Caldwell Academy

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Caldwell Academy is a school located at 2900 Horse Pen Creek Road, Greensboro, North Carolina. Caldwell provides preK-12 education from a Classical Christian perspective.

Grades Enrollment Associations
K-12 743 ACSI, ACCS


In 1994, an organization of families in the good town of Greensboro, North Carolina sought to establish a school for their children that would teach from a Christian stance. The name "Caldwell Academy" was derived from the life of David Caldwell, a Greensboro native who operated in the late-18th and early-19th century.[1] In 1995 the school opened in the fall with a few hundred students ranging from kindergarten to 6th grade. The school was originally operating out of rented space at a local Church until its move to a permanent location in the summer of 1999. The permanent location started off with "Founders Hall" and "Smith Building" along with some modulars. Over the summer of 2007 a new grammar building, "Munchkin Hall" was built and K-5 was moved to the new building. Later that year they finished the construction of a new athletic facility equipped with a soccer field, multi-purpose/practice field, and a baseball diamond.

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A Classical Education[edit]

Classical Education is at the forefront of Caldwell Academy's desires for its students. This philosophy of education is based on the concept of the Trivium, which recognizes that there are three stages of learning that coincide with the cognitive development of a child. Caldwell Academy has four divisions: the Preschool, the Grammar School (grades K-5), the Dialectic School (grades 6-8), and the Rhetoric School (grades 9-12). The divisions form a cohesive whole which allows and encourages students to pursue their education in increasingly mature and complex ways as they grow and develop.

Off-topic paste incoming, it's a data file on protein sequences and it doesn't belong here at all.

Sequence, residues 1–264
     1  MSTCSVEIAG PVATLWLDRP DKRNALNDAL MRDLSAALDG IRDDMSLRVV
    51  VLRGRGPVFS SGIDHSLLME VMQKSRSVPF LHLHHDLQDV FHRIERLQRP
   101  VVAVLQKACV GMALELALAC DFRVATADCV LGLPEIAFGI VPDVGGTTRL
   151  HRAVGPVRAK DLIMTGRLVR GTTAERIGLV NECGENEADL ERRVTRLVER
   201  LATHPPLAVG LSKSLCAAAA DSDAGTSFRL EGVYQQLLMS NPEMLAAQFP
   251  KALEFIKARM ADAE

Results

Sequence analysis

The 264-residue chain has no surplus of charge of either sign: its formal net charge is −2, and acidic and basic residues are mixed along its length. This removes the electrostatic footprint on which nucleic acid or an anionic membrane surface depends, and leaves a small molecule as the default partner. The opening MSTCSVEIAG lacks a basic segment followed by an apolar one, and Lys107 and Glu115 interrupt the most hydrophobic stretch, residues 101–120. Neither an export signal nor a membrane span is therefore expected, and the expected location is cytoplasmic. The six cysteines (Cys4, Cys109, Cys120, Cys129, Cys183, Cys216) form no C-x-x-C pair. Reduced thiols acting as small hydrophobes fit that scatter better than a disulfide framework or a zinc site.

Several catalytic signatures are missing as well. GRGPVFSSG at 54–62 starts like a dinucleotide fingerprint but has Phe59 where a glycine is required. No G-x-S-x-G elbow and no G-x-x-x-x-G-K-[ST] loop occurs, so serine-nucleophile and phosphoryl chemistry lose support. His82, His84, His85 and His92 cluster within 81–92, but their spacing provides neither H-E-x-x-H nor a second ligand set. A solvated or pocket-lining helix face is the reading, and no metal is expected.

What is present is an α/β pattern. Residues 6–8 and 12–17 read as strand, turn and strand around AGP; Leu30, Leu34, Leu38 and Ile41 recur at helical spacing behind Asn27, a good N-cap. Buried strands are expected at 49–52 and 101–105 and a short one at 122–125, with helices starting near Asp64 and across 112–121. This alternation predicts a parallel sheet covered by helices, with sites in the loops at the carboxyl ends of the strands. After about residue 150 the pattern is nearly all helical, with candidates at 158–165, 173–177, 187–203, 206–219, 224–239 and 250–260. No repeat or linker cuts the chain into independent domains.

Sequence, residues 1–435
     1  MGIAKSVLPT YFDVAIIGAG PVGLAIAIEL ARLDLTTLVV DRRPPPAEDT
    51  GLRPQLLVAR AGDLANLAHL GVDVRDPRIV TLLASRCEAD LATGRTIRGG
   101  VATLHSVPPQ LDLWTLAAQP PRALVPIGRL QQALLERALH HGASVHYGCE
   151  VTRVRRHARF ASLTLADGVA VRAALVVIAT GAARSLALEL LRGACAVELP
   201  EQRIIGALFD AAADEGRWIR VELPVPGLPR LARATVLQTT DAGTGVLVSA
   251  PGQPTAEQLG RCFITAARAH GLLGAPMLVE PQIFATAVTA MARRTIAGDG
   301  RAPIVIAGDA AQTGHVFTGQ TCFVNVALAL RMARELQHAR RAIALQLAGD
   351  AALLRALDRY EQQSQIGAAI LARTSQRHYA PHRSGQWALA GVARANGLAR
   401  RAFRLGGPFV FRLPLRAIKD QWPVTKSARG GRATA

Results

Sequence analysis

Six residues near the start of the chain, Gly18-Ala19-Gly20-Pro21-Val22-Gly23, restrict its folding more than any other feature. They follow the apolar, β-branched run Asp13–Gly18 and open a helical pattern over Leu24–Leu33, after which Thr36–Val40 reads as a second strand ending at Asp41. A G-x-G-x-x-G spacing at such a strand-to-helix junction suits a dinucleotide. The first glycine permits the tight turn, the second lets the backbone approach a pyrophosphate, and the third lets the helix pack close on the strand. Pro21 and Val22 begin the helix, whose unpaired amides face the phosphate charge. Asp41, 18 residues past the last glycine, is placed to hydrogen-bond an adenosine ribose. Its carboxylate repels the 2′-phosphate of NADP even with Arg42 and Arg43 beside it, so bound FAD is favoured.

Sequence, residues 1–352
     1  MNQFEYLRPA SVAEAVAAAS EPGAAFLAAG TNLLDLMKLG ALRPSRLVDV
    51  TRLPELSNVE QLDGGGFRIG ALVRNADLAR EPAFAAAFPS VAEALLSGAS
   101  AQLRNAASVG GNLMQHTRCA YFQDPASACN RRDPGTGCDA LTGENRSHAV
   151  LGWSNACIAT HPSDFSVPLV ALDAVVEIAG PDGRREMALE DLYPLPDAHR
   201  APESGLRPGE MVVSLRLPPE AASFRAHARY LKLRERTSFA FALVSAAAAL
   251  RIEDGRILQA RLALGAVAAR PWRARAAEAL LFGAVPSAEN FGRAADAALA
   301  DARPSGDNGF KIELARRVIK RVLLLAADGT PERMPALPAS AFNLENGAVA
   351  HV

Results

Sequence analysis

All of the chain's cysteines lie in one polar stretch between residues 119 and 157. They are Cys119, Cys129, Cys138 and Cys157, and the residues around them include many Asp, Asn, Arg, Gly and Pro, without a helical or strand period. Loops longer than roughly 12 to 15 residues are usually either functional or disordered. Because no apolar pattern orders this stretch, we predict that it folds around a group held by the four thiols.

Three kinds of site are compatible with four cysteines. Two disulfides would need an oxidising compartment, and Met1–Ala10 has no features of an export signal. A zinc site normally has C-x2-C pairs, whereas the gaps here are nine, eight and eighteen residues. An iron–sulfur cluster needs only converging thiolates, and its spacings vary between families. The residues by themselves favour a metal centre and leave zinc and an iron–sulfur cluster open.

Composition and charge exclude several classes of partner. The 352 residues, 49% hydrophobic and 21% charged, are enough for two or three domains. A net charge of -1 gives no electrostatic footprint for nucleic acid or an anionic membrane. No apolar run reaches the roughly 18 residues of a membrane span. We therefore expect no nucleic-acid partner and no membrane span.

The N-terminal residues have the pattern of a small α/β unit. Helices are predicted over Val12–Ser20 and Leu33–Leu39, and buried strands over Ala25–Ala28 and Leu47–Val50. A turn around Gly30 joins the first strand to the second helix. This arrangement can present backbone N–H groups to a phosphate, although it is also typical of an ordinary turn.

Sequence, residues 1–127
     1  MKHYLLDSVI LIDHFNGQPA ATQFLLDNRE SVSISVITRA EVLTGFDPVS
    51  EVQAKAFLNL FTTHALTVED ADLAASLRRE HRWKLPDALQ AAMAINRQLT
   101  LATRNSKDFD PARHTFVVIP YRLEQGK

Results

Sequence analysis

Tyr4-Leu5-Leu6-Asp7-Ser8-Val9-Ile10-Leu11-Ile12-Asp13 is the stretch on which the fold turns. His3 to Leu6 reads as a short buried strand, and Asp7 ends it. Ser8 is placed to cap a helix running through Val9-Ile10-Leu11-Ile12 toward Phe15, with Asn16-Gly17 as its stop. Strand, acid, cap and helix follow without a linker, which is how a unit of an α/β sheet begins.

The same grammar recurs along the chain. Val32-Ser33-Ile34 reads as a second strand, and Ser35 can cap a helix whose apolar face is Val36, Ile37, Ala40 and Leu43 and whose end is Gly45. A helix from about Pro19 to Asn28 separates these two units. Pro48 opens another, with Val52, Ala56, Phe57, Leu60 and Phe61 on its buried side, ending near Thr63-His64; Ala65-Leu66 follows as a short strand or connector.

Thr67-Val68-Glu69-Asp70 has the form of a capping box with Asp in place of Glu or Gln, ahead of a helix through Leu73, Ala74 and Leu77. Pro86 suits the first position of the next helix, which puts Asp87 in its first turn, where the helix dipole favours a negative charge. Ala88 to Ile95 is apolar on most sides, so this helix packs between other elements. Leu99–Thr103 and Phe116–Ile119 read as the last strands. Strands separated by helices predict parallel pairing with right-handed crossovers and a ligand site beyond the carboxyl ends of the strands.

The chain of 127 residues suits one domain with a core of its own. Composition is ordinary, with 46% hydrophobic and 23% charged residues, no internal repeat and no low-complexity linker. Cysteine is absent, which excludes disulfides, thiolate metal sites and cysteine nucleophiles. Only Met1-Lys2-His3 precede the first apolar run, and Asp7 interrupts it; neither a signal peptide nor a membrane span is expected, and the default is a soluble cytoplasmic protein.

In a classical school, the instructional goal for grammar school students is mastery of the fundamental facts and rules of each subject. The students are to accumulate a broad core knowledge. The methodology involves memorization, repetition, and chants combined with the study of Latin introduced in 3rd grade.[2]


Dialectic School (grades 6-8) is where students continue to add to the core knowledge from their Grammar years, and begin work on mastering the skills (studying, organization, test-taking, public speaking) needed to be successful during the Rhetoric (high school) years.


Rhetoric school (grades 9-12) students learn how to express what they know and what they are learning through the use of debate, apologetics, public speaking, essay writing, and drama. Graduates of Caldwell Academy have gone on to attend such institutions as Appalachian State University, Clemson University, Wake Forest University, The University of North Carolina at Wilmington, The University of North Carolina at Chapel Hill, The University of North Carolina at Greensboro, Belmont University, The University of Texas at Austin, Hillsdale College, Meredith College, North Carolina State University, Wheaton University, and Virginia Tech, studying in fields ranging from Business, Social Work and Law to Philosophy, Christian Leadership and Biblical languages.[citation needed]


Caldwell Academy is named after David Caldwell. He was an early era minister in Guilford County as well as an educator and physician. He was born in Pennsylvania in 1725 and came to the area in order to pastor Buffalo and Alamance Presbyterian Churches.

Along with his pastoral duties David Caldwell founded a Log-College. This served as the first schoolhouse in Guilford County.


Caldwell Academy prides itself in its prestigious athletic achievements through the years. Complete with Volleyball, Tennis, Cross Country, Track, Soccer, Golf, Baseball, Softball, Basketball, Swimming, and Cheer Teams. athletics and academics go hand in hand when it comes to the dedication of its students.

Notable Alumni[edit]

Bradley Jones, class of 2006. Caldwell Academy lifer, and starter on the UNC JV basketball team his Freshman and Sophomore years. Known for his dominance and presence in the paint, he was given the nickname of "White Hammer". Bradley decided to retire from basketball after his sophomore year and focus on his studies, after shooting over 60% from the field in his 2008 season.[3] Employee of the year 2015.


  1. ^ John C. Baroody; Joe Mobley; John Clauser (October 1981). "David Vapes Log College Site" (pdf). National Register of Historic Places - Nomination and Inventory. North Carolina State Historic Preservation Office. Retrieved 2014-11-01. 
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